Saturday, November 12, 2011

Why would I? Undergraduate Research

I'm a huge advocate of undergraduate research.  Now, you're probably asking, "Why would I ever go into undergraduate research? I don't want to be a professor.  Why would I want to go to grad school with an engineer's salary?  No more school! I don't want to go into R&D. I don't know enough about a subject."  I've heard ALL of the excuses- I was there about 3 years ago.  So here are my top 10 reasons of why YOU  should do undergraduate research.

1. Get GREAT letters of recommendations from professors. You're going to need letters of rec regardless of where you go (unless you graduate and go sit on the couch). If you do work for them, they'll actually find out how motivated and awesome you are, and this will enable them to write a very extensive letter about YOU.

2. Learn about what graduate school is really like. I knew a lot about graduate school before I started research, but you get to interact with graduate students.  Grad school isn't all school (as many think).  It involves writing, experiments, code, and a ton of interacting with other students and professors. It's definitely not a task for the weary, but you may find that graduate school is actually for you.

3. Learn about an in-depth subject.  I knew nothing about materials when I started in the Material Performance Laboratory.  I've gained more knowledge from cleaning and sanding down samples for endless hours, rather than hear my professor talk about the mechanical capabilities of his car.  I've been able to see stress-strain curves develop before my eyes, and I've helped to solve problems on the go!  There's now a TON I know about the cyclic stresses on an airplane, and every time I take a flight somewhere, I explain to them about the material stresses on the cabin!

4. Rule out things you don't like. I've realized a lot about what I want and DON'T want in graduate school or, even, in the working world.  This is a very harm-free way of doing this.

5. Have something on your resume. The economy's tough right now.  It's very difficult to get internships, especially if you are a freshman or sophomore.  Sure, you probably won't get paid.  But this will be a GREAT way to get engineering experience and contacts with little risk.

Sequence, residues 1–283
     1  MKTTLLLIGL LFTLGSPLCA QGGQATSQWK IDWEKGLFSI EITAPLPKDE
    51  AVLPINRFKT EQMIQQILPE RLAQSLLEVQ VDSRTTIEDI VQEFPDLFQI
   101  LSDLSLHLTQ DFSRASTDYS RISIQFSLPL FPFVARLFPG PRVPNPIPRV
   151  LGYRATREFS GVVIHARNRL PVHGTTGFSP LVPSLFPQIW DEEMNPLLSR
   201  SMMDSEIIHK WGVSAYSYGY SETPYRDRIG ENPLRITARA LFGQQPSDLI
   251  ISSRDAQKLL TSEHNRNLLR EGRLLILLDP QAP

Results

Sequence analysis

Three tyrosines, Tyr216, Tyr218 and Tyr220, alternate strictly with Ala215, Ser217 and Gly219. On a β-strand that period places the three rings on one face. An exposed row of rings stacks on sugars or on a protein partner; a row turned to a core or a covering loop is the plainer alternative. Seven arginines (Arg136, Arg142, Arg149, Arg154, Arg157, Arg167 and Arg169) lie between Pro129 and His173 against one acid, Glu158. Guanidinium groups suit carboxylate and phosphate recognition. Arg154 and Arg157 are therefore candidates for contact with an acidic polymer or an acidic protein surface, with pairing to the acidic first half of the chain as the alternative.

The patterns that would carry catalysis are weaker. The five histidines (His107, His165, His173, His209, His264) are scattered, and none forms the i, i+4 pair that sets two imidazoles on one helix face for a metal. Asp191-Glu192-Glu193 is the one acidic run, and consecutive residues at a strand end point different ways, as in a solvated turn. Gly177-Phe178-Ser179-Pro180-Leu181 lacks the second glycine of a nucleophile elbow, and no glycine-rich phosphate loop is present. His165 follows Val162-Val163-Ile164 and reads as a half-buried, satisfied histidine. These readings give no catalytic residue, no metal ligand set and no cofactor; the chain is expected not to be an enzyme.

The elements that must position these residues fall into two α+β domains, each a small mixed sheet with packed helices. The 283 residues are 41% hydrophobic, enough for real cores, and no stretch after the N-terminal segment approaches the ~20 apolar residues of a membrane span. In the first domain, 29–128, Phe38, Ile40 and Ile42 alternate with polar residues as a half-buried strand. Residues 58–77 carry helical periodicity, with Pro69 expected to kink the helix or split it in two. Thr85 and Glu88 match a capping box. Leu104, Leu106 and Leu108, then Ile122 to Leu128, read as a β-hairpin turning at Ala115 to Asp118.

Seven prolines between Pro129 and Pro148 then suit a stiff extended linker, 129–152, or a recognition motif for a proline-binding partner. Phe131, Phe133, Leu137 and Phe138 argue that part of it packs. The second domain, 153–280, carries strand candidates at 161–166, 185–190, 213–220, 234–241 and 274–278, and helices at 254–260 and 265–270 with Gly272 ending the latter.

6. It's possible to get Technical Elective credit. One less class I have to take? Sign me up!

7. Get your hands dirty.  I used to love coming out of the lab with grease on my hands.  I felt like I actually accomplished something and be one of the few students that can actually use tools.

8. Get mistaken for a graduate student. There have been many instances where I've been mistaken for a graduate student.  It makes you feel very confident about your work (even though you probably don't know much), and other students look up to you! Another perk: free coffee at the Graduate Student Union- don't worry, I was invited, and nobody could tell the difference.

9. Have something to talk about. Many engineering students ramble on about this lab report or this code or that professor. Be excited about your research, and other people will get excited around you.  It definitely is a change of pace from the day-to-day routine.

10. Present or publish your research before you graduate! Employers absolutely love to see that you can speak in public. It's not what you said. It's how many people you spoke to at once. Also, who wouldn't want their name all over a paper! Sure, you may not think it's a big deal, but graduate schools and employers LOVE to see that you can communicate effectively.